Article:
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Ratio of Debt to Income

Lenders use a ratio called "debt to income" to determine your maximum monthly payment after your other recurring debts have been paid.

How to figure the qualifying ratio

Typically, conventional loans need a qualifying ratio of 28/36. An FHA loan will usually allow for a higher debt load, reflected in a higher (29/41) qualifying ratio.

For these ratios, the first number is how much (by percent) of your gross monthly income that can be spent on housing costs. This ratio is figured on your total payment, including hazard insurance, homeowners' dues, PMI - everything that constitutes the full payment.

The second number is the maximum percentage of your gross monthly income which can be applied to housing expenses and recurring debt. Recurring debt includes things like auto loans, child support and credit card payments.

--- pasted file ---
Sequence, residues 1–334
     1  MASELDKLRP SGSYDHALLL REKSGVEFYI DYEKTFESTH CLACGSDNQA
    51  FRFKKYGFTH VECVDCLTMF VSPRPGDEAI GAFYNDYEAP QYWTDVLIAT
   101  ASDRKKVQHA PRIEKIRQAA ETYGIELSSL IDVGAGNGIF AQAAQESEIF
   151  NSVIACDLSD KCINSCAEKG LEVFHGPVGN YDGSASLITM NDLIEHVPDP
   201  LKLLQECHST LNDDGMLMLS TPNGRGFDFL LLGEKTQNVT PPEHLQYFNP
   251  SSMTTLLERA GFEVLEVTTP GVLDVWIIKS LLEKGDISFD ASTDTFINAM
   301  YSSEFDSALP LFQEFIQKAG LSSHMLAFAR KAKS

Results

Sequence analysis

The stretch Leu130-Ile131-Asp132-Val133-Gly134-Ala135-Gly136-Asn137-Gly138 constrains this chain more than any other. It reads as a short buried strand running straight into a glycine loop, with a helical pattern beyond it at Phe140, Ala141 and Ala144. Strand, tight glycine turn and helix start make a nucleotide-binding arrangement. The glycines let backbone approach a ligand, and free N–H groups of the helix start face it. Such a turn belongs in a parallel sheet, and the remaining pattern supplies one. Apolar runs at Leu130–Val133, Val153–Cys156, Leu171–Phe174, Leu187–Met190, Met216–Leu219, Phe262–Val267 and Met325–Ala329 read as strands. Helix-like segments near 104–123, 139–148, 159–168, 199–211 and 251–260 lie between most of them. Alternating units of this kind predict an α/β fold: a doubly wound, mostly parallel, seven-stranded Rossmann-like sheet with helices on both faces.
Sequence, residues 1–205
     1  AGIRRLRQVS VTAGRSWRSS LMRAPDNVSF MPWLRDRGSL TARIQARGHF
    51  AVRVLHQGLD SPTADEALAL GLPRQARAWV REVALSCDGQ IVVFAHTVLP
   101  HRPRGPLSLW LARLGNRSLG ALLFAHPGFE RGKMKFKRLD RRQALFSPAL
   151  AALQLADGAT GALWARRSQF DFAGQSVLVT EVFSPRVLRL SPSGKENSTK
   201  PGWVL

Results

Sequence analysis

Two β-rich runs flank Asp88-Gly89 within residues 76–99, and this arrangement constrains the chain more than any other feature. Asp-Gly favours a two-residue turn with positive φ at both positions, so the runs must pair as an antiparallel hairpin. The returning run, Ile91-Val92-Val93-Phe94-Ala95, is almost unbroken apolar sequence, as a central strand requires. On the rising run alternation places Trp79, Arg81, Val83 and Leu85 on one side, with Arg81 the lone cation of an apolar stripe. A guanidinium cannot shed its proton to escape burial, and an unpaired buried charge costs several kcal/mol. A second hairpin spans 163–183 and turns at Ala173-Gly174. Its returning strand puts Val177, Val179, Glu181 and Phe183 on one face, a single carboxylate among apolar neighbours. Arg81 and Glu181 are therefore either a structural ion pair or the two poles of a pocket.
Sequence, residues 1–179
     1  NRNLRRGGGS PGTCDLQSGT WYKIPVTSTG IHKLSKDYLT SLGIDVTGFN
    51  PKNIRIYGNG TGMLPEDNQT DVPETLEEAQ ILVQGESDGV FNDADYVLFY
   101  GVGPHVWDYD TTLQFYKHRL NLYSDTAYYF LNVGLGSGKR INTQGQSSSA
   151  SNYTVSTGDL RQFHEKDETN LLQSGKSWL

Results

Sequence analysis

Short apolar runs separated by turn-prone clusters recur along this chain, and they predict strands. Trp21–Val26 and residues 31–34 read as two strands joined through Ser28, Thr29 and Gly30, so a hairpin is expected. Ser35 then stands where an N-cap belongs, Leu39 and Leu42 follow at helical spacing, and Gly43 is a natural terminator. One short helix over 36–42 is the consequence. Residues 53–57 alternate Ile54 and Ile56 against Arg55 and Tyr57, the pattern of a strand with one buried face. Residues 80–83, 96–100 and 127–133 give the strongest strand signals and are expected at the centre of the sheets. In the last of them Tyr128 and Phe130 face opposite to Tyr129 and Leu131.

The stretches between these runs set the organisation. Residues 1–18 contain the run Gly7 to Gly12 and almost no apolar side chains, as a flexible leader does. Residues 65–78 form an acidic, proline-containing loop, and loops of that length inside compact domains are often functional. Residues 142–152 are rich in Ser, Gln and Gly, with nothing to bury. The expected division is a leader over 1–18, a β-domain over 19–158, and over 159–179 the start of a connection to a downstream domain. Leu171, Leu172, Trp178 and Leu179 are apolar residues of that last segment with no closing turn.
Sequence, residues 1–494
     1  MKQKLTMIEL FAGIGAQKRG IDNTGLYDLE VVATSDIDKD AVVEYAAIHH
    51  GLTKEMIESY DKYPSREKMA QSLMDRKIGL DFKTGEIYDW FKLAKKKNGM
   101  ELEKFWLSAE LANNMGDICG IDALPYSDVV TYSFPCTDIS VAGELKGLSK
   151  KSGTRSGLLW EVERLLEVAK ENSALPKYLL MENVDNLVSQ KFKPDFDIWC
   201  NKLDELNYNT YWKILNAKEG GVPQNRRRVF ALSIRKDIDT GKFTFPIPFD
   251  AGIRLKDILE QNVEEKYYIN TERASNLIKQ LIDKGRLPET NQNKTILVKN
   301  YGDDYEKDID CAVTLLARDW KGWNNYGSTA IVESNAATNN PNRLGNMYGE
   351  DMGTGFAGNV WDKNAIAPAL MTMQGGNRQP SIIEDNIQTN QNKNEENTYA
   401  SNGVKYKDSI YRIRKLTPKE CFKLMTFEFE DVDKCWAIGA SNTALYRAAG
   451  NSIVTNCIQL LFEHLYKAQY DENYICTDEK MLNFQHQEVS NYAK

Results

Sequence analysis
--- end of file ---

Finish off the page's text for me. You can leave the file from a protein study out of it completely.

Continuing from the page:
Examples:

With a 28/36 ratio

  • Gross monthly income of $2,700 x .28 = $756 can be applied to housing
  • Gross monthly income of $2,700 x .36 = $972 can be applied to recurring debt plus housing expenses

With a 29/41 (FHA) qualifying ratio

  • Gross monthly income of $2,700 x .29 = $783 can be applied to housing
  • Gross monthly income of $2,700 x .41 = $1,107 can be applied to recurring debt plus housing expenses

If you'd like to run your own numbers, feel free to use our superb Mortgage Qualification Calculator.

Just Guidelines

Don't forget these are only guidelines. We will be happy to go over pre-qualification to help you figure out how much you can afford.

One Source Lending 303-220-7500 can walk you through the pitfalls of getting a mortgage. Give us a call at 303-220-7500.